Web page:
I was at a meeting yesterday where school ratings were discussed. We've all seen a variety of ratings used, and most of them are terrible. Those of us in the city all remember the report cards, largely based on test scores. Of course these ratings are ridiculous. For one thing, the only thing test scores are absolutely correlated to is income. For another, the tests are ridiculous, constantly manipulated by geniuses in Albany to show whatever it is they want to prove this year.
Now there are Quality Reviews in effect. These are people who walk around demanding absolutely the same thing of absolutely every school. A biggie this year is the inquiry team. If your school has low test scores, the only thing that will make them better is an inquiry team. If your school has high test scores, you need an inquiry team so that you can find out how they can be higher. Also, you'd better have rubrics on your bulletin boards, because the only way students can learn from a bulletin board is if there is a rubric attached.
So now, thanks to the quality review, a lot of city teachers are spending various periods of time in inquiry teams and writing rubrics to hang on bulletin boards. Doubtless this will save the world. Meanwhile, things that actually improve education are ignored utterly.
How about class size? NYC continues with the highest class sizes in the state. The only reason they aren't higher is the UFT Contract, and leadership hasn't moved to lower it in five decades. Of course leadership would tell you this is so they can get those fabulous raises we enjoy. I personally can't remember getting a fabulous raise lately, and am sitting around waiting for money I earned in 2010, money I won't get until 2020. And then there's the CFE lawsuit, blatantly ignored by both city and state.
Of course it isn't solely union leadership at fault here. Our esteemed governor, who leadership seems to like because he hasn't tried to kill us this year, can't be bothered. Mayor de Blasio can't worry about it either. At a school level, principals are scrambling to keep up with nonsense like quality reviews and observing every teacher in the building four times. Principals have to pay teachers out of their own budgets. Where are they gonna get the money to reduce class sizes? It's not like they can have billionaire-studded galas like Eva Moskowitz does.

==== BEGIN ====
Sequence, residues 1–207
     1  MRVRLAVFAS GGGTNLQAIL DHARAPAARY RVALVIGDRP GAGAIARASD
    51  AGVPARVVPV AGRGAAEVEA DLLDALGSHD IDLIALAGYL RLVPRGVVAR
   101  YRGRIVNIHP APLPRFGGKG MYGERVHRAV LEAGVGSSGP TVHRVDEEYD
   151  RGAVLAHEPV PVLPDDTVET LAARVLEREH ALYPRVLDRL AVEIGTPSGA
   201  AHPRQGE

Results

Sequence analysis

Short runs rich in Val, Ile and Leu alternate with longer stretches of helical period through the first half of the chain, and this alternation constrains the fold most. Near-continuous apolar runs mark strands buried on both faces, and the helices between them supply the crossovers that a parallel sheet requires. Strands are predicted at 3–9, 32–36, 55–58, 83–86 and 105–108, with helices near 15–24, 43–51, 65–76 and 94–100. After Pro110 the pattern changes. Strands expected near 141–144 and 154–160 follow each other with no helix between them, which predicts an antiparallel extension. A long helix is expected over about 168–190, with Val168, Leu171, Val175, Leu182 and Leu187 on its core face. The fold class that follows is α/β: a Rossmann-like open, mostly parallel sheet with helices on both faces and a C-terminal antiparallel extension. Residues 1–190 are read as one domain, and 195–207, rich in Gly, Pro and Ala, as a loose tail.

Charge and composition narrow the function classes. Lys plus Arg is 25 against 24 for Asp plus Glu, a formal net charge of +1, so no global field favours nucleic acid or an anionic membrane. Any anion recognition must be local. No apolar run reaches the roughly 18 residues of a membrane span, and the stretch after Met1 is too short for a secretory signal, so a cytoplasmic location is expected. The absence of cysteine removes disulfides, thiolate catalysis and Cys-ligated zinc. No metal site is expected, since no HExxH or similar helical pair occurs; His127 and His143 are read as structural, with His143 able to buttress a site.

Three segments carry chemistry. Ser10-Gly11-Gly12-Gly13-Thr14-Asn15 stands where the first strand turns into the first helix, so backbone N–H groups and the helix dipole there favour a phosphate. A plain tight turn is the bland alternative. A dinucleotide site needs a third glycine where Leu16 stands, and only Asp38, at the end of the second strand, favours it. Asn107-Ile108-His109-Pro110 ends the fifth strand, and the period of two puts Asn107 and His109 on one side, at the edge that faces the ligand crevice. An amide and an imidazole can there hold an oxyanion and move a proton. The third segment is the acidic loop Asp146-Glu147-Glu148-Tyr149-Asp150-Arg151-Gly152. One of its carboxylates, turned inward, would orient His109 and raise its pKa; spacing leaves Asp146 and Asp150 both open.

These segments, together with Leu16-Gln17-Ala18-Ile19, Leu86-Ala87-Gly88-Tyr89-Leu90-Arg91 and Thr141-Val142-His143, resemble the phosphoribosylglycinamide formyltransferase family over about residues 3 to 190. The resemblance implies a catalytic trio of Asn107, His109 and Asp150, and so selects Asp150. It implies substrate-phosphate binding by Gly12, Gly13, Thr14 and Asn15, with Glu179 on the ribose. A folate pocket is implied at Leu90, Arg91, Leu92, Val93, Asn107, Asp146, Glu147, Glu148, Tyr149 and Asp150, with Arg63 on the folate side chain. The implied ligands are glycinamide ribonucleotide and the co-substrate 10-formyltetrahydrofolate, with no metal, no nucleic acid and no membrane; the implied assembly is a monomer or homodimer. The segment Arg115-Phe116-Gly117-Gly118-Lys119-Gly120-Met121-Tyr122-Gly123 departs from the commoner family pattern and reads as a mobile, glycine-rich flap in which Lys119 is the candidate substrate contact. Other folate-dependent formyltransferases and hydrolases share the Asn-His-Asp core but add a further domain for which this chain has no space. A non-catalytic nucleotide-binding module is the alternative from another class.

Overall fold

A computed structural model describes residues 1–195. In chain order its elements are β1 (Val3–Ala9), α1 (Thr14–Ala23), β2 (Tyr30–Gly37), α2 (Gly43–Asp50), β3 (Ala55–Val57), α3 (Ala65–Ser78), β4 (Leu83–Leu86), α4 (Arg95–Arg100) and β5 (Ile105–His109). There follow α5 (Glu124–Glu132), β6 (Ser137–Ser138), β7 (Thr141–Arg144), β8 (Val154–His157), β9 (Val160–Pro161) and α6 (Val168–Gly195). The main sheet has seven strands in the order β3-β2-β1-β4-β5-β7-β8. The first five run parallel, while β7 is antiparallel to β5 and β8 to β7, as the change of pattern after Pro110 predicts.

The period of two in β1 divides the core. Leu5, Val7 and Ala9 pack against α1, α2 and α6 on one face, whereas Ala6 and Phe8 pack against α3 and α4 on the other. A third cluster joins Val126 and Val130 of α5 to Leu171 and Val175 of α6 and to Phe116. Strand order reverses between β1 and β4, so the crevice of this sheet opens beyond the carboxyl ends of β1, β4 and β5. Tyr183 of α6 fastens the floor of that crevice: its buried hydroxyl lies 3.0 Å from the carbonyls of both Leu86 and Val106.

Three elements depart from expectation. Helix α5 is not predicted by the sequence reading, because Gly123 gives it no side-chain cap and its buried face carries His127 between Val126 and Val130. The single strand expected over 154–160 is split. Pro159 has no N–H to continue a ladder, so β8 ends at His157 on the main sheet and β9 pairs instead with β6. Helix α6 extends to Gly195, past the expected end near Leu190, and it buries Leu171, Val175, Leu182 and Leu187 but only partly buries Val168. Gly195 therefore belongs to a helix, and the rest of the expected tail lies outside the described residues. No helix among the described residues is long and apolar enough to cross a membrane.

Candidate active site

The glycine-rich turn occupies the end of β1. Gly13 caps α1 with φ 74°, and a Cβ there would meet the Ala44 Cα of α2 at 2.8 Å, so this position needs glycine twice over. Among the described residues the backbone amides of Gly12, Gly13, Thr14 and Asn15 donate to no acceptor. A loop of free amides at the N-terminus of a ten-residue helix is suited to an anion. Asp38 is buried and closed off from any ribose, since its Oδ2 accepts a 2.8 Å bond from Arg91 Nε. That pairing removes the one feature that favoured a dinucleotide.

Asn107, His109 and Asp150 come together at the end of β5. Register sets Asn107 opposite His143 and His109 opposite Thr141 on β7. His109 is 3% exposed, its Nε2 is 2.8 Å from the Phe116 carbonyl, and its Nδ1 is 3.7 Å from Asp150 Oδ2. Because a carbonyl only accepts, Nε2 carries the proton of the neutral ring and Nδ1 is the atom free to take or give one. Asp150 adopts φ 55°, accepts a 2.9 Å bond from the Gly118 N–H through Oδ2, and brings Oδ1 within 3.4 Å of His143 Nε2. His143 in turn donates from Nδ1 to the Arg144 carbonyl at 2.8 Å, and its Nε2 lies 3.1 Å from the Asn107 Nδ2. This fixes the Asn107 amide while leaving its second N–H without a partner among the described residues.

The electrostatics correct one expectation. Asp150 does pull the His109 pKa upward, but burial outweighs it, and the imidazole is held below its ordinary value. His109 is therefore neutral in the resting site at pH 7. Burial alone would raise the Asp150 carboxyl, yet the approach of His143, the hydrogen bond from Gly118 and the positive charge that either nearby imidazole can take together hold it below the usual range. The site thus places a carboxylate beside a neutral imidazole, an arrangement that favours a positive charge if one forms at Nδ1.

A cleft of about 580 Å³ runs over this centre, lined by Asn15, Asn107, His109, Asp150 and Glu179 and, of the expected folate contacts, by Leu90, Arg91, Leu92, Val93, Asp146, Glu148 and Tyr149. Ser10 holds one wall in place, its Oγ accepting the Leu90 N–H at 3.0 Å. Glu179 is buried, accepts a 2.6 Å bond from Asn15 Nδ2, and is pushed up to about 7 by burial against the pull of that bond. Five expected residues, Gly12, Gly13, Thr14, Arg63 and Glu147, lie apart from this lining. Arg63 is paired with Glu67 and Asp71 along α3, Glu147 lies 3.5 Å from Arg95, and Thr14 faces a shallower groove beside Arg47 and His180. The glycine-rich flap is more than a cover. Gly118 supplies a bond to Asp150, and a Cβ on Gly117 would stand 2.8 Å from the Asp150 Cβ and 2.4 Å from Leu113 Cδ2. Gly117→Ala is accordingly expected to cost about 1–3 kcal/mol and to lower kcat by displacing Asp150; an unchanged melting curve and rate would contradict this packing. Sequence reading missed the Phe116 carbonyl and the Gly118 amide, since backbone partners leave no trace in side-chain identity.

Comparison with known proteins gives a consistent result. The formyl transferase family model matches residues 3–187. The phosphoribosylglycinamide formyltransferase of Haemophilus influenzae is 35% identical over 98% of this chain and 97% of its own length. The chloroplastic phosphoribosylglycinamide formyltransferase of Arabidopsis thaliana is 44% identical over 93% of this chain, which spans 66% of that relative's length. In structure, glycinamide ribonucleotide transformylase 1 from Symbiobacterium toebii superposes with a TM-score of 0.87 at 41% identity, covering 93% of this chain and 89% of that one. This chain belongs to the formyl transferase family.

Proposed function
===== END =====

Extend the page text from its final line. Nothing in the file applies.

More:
But as a teacher and parent I value reasonable class size. I'd happily rate schools on it and give principals an incentive to enable it. Then there's PE. My school, like most city high schools, offers it only every other day. I hear some don't bother with laws and offer it once a week, if at all. PE should be every day, and ought to give kids a chance to blow off steam. We ought to let our children know that their physical health is something we care about. We ought to give schools that offer 5 day a week physical education credit for doing so.
Are there music and art programs? Are they five days a week, or are they treated as virtual lepers, every other day like PE? Are we seriously expecting PE and music teachers to effectively work with up to 250 students at a time? Are we expecting them to be able to assess them reasonably? Are we going to delude ourselves into thinking that teachers can offer individual assistance under such circumstances?
How about rating schools on individuality? Do the schools have special programs that really help kids or enhance their lives? Do they think outside of the box? Or do they just follow whatever rule book is in vogue this year and spend all their energy chasing their proverbial tails?
If we're gonna rate schools at all, we might as well encourage them to service our children rather than Bill Gates. What do you think we need to know to evaluate our schools?
Views expressed herein are solely those of the author or authors, and do not reflect views of my employers, the United Federation of Teachers, the MORE Caucus or any other union caucus.
Stories herein containing unnamed or invented characters are works of fiction. Names, characters, businesses, places, events and incidents are either the products of the author’s imagination or used in a fictitious manner. Any resemblance to actual persons, living or dead, or actual events is purely coincidental.